In an American Film Institute poll in 2001, Psycho was voted the greatest thriller of all time. It has scenes and characters that are among the most iconic in all cinema....
|Title||:||A Long Hard Look at "Psycho"|
|Number of Pages||:||248 Pages|
|Status||:||Available For Download|
|Last checked||:||21 Minutes ago!|
A Long Hard Look at "Psycho" Reviews
The master of suspense, Alfred Hitchcock's, `Psycho,' continues to captivate, and inspire film critics, filmmakers, writers, and all who has the need to dissect his work in order to understand his genius. A Long Hard Look at `Psycho' is an extensive study of the classic film and our reactions to the ingenious shots, sound, and imagery - an assessment into the mind of the master of suspense. Durgnat analysis every aspect of each scene filmed, and continues too - for lack of a better word, dismember many scenes. Let us look at the man known as one of the most well respected critics of our time. Durgnat was an experienced writer, a fanatic film history scholar, and a master of critiques with a distinctive style to say the least. In the late 1970s, he taught film in California along side, Manny Farber, Jean-Pierre Gorin and Jonathan Rosenbaum. He often lectured on cinema at several academic institutions towards the end of his life in 2002. He was the author of several groundbreaking books such as, Films and Feelings (1967), A Mirror For England (1970), Sexual Alienation in the Cinema (1971), The Strange Case of Alfred Hitchcock and Jean Renoir (both 1974), and a study of WR: Mysteries of the Organism in the BFI film classics series (1999). On page 176 `Making Conversation,' Durgnat describes the feelings of the first-time viewer towards Norman and a small portion of it reads as follows, "As deceitful in this conversation as he is, it's in a vulnerable way, as a victim of Arbogast's aggression, so he benefits from the `Marnie effect' (audience sympathy for a hard pressed criminal in difficulty). He's very sensitive, in a way quite fresh among villains, and it elicits what Hollywood called `audience recognition' - the audience recognizing, on screen, its own, intimate experience - in this case, of exasperating conversations. Norman's situation may be `melodramatic' (extreme), but his `surface sensitivity' finds echoes aplenty in us." In all I found Raymond Durgnat's categorization of (Alfred Hitchcock's), `Psycho' annoying, stimulating, and at certain points in the book nothing short of - mind blowing! I did find it to be a scholastic read and one I will not soon forget. I am proud to add it to my book collection and I know that you will be too.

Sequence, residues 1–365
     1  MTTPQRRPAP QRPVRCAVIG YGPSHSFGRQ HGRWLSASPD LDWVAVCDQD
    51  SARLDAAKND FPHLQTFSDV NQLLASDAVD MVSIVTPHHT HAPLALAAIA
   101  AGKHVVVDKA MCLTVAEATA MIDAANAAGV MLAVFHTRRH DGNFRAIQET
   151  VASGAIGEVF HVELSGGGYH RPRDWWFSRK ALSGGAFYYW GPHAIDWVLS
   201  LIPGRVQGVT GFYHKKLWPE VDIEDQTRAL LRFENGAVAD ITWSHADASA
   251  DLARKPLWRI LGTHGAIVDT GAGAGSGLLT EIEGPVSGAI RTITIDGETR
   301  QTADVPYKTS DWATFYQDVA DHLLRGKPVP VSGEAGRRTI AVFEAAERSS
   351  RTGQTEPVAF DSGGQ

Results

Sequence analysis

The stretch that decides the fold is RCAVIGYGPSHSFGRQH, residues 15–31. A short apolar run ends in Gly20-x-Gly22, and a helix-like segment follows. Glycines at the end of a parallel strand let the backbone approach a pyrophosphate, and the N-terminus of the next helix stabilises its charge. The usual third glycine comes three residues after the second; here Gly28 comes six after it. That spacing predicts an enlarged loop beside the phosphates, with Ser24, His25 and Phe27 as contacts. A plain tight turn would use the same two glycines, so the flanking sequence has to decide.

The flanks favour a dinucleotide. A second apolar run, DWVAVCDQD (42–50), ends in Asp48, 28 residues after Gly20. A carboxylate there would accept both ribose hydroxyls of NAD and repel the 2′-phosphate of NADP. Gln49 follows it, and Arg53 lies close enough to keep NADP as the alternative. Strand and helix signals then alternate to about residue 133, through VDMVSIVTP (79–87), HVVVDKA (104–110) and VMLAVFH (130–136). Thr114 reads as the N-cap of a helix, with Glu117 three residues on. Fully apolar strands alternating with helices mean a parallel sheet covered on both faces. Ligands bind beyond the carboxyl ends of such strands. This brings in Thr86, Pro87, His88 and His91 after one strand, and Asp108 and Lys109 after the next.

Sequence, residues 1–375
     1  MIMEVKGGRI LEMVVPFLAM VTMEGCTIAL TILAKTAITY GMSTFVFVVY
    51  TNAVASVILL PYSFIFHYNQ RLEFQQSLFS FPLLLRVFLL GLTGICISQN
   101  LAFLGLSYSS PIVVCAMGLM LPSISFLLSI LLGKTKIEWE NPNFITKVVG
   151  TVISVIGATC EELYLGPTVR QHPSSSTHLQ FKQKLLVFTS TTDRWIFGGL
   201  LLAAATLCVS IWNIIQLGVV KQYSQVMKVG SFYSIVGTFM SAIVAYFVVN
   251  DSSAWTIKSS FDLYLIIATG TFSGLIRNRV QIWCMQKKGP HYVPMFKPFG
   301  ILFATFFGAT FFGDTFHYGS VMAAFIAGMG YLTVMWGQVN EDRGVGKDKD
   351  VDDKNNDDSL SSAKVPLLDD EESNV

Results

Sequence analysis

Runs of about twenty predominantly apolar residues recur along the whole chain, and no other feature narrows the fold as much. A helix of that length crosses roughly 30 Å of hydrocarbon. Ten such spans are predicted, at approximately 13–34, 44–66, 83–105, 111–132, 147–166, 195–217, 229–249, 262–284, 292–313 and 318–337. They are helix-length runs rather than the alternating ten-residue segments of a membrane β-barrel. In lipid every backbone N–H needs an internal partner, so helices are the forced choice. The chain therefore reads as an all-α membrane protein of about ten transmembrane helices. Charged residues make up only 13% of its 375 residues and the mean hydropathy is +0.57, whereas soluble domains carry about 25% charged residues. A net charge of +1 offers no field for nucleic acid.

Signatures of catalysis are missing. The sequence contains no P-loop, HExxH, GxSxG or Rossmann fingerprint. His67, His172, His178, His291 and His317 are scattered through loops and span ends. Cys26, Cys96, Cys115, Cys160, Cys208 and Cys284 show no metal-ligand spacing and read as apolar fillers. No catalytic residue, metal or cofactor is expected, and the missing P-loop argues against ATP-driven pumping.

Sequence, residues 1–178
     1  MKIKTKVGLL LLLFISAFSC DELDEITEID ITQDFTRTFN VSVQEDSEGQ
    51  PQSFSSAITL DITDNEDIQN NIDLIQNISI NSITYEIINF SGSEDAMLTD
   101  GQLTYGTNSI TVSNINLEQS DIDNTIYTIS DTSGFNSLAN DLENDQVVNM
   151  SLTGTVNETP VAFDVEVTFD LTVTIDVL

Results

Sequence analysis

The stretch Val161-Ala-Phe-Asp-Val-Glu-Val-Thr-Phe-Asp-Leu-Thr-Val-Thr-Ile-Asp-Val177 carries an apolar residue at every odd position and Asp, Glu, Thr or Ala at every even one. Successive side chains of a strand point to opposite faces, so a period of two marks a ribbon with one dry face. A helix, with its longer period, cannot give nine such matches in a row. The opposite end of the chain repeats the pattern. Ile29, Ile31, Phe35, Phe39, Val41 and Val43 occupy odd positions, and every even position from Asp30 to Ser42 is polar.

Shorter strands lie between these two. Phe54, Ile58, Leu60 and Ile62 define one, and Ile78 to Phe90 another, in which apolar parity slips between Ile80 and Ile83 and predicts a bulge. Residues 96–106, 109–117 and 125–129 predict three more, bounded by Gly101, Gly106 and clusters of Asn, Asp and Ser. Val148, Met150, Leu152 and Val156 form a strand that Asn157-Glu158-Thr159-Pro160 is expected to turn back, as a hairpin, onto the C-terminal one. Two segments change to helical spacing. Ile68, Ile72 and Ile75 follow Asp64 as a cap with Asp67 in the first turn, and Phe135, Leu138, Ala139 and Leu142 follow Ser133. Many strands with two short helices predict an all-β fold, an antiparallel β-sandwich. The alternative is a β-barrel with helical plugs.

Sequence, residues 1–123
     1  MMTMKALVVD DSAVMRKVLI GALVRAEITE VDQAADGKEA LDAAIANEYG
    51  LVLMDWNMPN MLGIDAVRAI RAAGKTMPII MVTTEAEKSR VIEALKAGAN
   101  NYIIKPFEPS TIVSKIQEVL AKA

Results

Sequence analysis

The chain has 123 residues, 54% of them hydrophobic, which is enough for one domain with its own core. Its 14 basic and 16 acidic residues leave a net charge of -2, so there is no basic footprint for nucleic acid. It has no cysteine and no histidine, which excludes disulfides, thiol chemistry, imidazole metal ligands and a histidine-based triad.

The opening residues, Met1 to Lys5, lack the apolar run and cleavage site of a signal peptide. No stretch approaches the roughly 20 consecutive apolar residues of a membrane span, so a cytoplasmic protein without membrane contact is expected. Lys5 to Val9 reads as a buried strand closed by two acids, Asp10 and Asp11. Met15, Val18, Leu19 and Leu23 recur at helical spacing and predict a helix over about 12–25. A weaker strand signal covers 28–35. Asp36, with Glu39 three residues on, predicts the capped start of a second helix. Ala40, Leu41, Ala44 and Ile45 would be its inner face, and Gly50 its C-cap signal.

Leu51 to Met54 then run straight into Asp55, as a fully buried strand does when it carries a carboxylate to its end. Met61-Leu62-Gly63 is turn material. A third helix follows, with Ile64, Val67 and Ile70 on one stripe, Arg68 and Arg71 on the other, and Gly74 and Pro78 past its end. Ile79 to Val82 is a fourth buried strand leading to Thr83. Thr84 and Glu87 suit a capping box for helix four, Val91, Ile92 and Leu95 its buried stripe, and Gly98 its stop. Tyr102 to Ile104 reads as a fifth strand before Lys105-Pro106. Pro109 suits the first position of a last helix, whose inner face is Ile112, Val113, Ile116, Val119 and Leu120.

Uni book. Amazing analysis of Psycho
not simply a cunningly crafted thriller, which loses its impact after one viewing, or an ur-text of slasher horror, which lacks the contemporary body count and gore, this book examines psycho so closely it invites satirical dismissal: can an old film actually repay such examination, can it be worthwhile, can it reveal any simple truths of the medium: the answer is yes, yes, yes.
In other words, FREUD!
A whole new take on 'Psycho'! Raised ideas I had never thought about before. Very interesting and engaging.